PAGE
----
PhD Candidate in Nursing, Student Research Committee, Golestan University of Medical Sciences, Gorgan, Iran.
MSc Student Research Committee, Golestan University of Medical Sciences, Gorgan, Iran.
PhD, Gorgan Congenital Malformations Research Center, Golestan University of Medical Sciences, Gorgan, Iran AND Ischemic Disorders Research Center, Golestan University of Medical Sciences, Gorgan, Iran.
PhD, Nursing Research Center, Goletsan University of Medical Sciences, Gorgan, Iran.
Neurofibromatosis is an autosomal dominant disease. It affects one in 2,700 to 3,300 people. The main gene mutated in the disease is a tumor suppressor protein called neurofibromin. There are several categories, the most important of which is divided into two types of type I and type 2 neurofibromatosis. Here, we aimed to identify the underlying genetic defect in eleven Iranian families with Neurofibromatosis type 1.
Materials and Methods
In this cross-sectional descriptive study, 18 patients were studied in 11 Iranian families. After clinical examination by the relevant specialist, DNA extraction was performed on the affected individuals, and then whole exome sequencing was used for accurate diagnosis.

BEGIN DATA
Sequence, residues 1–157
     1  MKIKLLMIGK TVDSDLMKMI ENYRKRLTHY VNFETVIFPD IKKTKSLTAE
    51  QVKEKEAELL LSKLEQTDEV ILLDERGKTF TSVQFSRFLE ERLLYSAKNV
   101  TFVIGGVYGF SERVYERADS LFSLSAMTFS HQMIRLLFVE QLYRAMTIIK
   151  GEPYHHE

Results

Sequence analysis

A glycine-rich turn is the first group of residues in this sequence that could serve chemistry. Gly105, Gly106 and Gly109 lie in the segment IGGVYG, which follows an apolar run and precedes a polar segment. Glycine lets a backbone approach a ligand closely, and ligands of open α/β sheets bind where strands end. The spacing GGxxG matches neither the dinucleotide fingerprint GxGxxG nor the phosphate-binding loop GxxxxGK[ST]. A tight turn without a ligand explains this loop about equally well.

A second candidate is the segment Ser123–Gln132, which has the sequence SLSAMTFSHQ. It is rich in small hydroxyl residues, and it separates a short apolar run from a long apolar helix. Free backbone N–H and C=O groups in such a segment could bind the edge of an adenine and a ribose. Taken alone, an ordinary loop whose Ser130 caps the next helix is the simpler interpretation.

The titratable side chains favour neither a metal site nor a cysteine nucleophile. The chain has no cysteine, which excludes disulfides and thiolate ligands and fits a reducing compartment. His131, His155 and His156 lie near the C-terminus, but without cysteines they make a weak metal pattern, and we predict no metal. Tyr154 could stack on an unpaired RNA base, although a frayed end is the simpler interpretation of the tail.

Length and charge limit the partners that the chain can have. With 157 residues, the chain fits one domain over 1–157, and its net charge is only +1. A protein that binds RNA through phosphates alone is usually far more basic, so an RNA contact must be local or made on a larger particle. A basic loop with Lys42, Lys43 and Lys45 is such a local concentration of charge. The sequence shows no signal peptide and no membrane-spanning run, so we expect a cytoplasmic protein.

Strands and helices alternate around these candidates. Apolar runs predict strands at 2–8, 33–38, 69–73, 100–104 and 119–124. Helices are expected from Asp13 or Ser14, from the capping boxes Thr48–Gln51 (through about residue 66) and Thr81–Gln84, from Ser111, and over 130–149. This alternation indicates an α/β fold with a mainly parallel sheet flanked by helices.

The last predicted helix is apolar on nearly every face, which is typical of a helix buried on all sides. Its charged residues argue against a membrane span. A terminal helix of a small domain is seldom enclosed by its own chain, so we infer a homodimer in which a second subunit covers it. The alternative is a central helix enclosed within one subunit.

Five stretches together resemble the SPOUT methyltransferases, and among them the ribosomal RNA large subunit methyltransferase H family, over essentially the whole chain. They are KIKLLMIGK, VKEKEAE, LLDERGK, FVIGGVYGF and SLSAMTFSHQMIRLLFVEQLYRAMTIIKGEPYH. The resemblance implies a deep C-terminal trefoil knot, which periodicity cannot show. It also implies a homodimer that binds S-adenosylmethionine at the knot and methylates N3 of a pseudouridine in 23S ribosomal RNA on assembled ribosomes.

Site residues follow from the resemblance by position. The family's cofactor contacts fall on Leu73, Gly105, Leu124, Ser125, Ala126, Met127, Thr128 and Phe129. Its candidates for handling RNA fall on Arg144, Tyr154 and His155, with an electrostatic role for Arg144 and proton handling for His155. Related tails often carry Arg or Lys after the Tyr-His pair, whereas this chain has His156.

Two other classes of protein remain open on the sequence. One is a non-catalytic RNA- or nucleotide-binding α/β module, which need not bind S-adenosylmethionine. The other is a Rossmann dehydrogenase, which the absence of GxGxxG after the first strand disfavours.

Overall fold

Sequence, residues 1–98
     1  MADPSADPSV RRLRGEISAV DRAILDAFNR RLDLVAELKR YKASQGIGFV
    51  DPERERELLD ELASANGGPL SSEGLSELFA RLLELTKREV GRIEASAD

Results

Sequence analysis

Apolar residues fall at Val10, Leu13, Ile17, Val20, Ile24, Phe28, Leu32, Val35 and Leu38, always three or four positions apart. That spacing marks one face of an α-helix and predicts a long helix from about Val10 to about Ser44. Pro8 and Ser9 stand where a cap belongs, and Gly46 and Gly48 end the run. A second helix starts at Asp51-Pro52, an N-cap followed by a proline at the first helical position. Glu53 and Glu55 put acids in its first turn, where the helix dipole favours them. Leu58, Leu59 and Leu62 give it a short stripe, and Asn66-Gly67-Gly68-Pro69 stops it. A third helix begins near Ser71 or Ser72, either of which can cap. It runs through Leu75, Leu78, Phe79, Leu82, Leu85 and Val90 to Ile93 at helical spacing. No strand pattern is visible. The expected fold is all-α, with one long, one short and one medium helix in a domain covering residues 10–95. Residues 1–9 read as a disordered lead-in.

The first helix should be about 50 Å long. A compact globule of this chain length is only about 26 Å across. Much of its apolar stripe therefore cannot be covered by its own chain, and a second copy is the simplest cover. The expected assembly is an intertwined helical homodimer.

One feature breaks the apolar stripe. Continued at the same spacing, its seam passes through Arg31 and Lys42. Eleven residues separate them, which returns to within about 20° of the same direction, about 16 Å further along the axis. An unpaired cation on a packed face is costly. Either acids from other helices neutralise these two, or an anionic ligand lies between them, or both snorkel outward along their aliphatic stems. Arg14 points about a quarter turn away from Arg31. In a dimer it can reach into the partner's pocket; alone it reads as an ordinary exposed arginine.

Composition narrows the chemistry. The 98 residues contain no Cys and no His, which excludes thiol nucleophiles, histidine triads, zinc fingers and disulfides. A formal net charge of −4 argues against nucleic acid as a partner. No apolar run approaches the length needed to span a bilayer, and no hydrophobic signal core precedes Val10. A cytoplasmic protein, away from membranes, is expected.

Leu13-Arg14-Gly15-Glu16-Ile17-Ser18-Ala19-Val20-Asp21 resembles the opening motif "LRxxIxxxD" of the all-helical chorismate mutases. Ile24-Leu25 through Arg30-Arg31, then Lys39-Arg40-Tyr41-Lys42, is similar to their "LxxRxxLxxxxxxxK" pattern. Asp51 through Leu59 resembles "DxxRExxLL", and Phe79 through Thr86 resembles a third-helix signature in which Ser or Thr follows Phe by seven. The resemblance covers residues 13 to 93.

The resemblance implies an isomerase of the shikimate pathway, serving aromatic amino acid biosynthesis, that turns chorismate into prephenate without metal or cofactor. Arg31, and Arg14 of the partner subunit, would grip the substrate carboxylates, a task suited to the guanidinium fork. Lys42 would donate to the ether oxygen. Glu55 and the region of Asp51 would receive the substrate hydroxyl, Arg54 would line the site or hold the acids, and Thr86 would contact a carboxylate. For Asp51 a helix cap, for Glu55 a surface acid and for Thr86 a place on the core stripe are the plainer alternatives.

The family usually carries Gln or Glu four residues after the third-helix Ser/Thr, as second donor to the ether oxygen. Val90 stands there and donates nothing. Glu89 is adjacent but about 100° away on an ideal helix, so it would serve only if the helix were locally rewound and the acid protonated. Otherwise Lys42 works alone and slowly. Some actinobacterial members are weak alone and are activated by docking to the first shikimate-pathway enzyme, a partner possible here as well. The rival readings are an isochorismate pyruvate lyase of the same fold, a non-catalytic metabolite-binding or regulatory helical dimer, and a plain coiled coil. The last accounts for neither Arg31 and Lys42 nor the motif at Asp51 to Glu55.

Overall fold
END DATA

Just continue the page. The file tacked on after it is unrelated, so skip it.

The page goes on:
11 individuals (4 males and 7 females) with average age 26± 1.18 year participated in the study. Precise diagnosis of type 1 neurofibromatosis was made. The location of the gene and even the type of mutation was also determined. These mutations, reported in eleven families include 4 deletions (c.747_75 del ATTTG, c.1458.1459delAA, c.1186-13delT, c.2804_2804delA), 3 nonsense mutations (Arg1306x, R1276X, L276X,), 2 splice site mutation (c.1261-2A>G, c.1185+1G>T), a silent mutation (c.3395G>A), and an Insertion mutation (c.4446_4447insT).
In conclusion, owing to the complexity of the diagnosis and, in some cases and the need to better- understand the molecular mechanisms of the disease, determining the genetic mutation profile of the disease may be of great help in better understanding the disease and Whole Exome sequencing is an extremely efficient method to identify possible disease-causing mutations.